"You catch a lot of people who might not have gone out of their way to go to the observatory," she said. "It's a very impactful thing that he has done."
First discovered in 1995, the Hale-Bopp comet was one of the most distant comets ever spotted by astronomers. Most comets haven't been seen beyond the orbit of Mars but the Hale-Bopp was found by Jupiter.
However, co-discoverer Thomas Bopp worked in construction as a manager at a materials factory when he first saw it. Alan Hale was a professionally-trained astronomer.
The pair spotted the comet the same evening independently of each other. Hale was at his home in New Mexico, and Bopp was with friends in the desert in Arizona.
Robert Evans became interested in astronomy as teenager in high school. With small refractor made from rolls of paper, a cardboard tube, a spectacle lens and an old eyepiece, he would vigilantly search the night sky.
But when it came time to choose a profession, Evans chose ministry over astronomy.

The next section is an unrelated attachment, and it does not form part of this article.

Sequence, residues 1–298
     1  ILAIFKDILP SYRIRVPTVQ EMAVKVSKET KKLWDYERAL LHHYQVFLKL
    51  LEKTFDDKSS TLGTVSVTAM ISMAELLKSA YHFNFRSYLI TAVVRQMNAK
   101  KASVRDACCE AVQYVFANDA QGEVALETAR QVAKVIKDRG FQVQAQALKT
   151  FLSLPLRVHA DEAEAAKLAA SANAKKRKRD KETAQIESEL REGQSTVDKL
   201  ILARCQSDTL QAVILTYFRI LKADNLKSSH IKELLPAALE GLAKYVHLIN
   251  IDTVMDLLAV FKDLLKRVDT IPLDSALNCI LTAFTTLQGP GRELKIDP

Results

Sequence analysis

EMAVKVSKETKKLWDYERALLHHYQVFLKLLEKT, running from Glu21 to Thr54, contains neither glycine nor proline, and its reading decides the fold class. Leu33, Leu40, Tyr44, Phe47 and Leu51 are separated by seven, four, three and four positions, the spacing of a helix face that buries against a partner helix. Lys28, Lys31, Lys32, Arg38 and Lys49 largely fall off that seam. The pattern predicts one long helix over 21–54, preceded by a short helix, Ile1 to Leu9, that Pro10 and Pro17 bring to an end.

Still, the now retired Australian reverend holds the world record for visually identifying supernovas, rare exploding stars that are among the more important objects studied by astronomers.
Automated searches now replace most of the human observers, but Evans has spotted 42 supernovas the old-fashioned way.
"He just goes out every chance he gets," said ASP's Gurton. "He has a photographic memory and knows what each galaxy should look like. If he sees something brighter, he knows he's discovered a supernova."
His spotting skills have earned him membership to the Royal Astronomical Society of Canada, the International Astronomical Union and other accolades.